A mobile revolution is coming, Federal Communications Chairman Julius Genachowski is sure of it.
He's also certain that unless broacasters open up needed spectrum space, it will be impossible to meet the future needs of mobile and broadband providers.
"We're in the early stages of a mobile revolution that is sparking an explosion in wireless traffic. Without action, demand for spectrum will soon outstrip supply," Genachowski said in prepared remarks, in advance of his presentation at the Consumer Electronics Show on Friday.
Pointing to the fast growth in 4G devices, mobile broadband, tablets and e-readers, he said: "The consumer electronic industry is going wireless, and the future success of this wide-ranging industry and others depends on whether our government acts quickly to unleash more spectrum — the oxygen that sustains our mobile devices."
Indeed, having proposed new rules of the road as part of a controversial net neutrality order last month, Genachowski pledged that addressing the controversy over the nation's coming spectrum crunch will now move to the top of the FCC's agenda.
His proposal to CES — certain to rankle the television industry: a voluntary "spectrum auction," in which broadcasters will surrender some of their allocation to mobile and broadband providers
Under that proposal, current spectrum licensees would voluntarily allow the FCC to sell off a portion of their spectrum for wireless broadband use. In return, they would receive some portion of the proceeds.
He also reiterated the FCC's previous calls to reallocate 300 megahertz of spectrum "suitable for mobile-flexible use" within five years.
Other reasons he cited for the need for spectrum readjustments:
"Everywhere you look, mobile is becoming a staple of the workplace, increasing productivity and contributing to our economy. From managing crops on a farm to managing inventory at Best Buy, mobile broadband is increasing productivity and contributing to our economy.
"Thanks to Skype, Facebook, Twitter and many others, mobile has become an incredible platform for connecting friends and families, kids on one end of the country to grandparents on the other.
"Mobile broadband can empower people not only in 21st century economies, but can promote 21st century democracy. We've seen this around the world."
In addition to divvying up the current spectrum, the chairman said that the country must continue growing its wireless infrastructure by building more cellular towers.
But it will have to move fast to meet the rising demand, he said.
According to a recent FCC study, from the first quarter of 2009 through the second quarter of 2010, the amount of data used by wireless consumers grew by more than 450 percent. Within five years, the FCC estimates that the amount of information flowing on the networks will increase from 25 to 50 times current levels.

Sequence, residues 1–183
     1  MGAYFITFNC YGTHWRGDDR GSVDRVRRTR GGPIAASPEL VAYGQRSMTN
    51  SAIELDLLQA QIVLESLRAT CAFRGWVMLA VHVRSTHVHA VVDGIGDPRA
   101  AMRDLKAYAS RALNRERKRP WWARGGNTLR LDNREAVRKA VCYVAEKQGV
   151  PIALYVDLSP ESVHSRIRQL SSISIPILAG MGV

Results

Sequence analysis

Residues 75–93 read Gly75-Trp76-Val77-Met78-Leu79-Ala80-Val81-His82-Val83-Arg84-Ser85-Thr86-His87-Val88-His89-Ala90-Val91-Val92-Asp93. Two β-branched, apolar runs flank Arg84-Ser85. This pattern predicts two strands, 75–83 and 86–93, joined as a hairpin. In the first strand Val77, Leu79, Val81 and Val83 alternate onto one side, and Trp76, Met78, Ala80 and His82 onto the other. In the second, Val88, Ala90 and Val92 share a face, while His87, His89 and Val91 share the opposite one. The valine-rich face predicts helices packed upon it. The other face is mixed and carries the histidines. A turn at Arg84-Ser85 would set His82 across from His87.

Genachowski chose a safe setting to deliver his warning — CES is a veritable temple to emerging technologies. But even in Las Vegas, it's a divisive issue that is pitting old and new media against each other.
On Thursday, Consumer Electronics Association president and CEO Gary Shapiro attracted fierce blowback after an opening speech in which he accused broadcasters of "squatting on our broadband future," by blocking the FCC's plans to reallocate spectrum.
National Association of Broadcasting President Gordon Smith pounced on Shapiro's remarks, saying that they ignored the growing popularity of broadcasting’s mobile DTV as an alternative to wireless broadband.
“Nobody has given back spectrum like we have, nearly a third in the digital transition. We already gave at the office," Smith said in response to Shapiro's remarks.
Tellingly, Genachowski, who has drawn the ire of the NAB for his spectrum stance and moves to alter the way retransmission negotiations are conducted, was effusive in his praise of the CEA and Shapiro.
"I applaud CEA for its strong work to make incentive auctions a reality. And I'm pleased to be here at CES, with so many people who live and breathe the opportunities of technology, to talk about the importance of fighting for our mobile future," Genachowski said.
In embracing issues such as the mobile industry's spectrum needs and net neutrality, the FCC and by extension the Obama administration, has aligned itself with the needs of the internet and mobile sector.
In his remarks, Genachowski indicated that the satisfying the growing appetite for mobile data transmission was critical to the country's economic future. As evidence, he cited the rising popularity of internet based telecommunication platforms such as Skype and the expanding sales of tablets and phone apps.
"Though we can't see it, spectrum is becoming increasingly essential to the daily lives of almost every American," Genachowski said. "This invisible infrastructure is the backbone of a growing percentage of our economy and our lives."
"And whether or not most Americans know the physics of spectrum, they know what it feels like to have a slow connection or a call dropped. And they know we need to lead the world in mobile, and not fall behind," he added.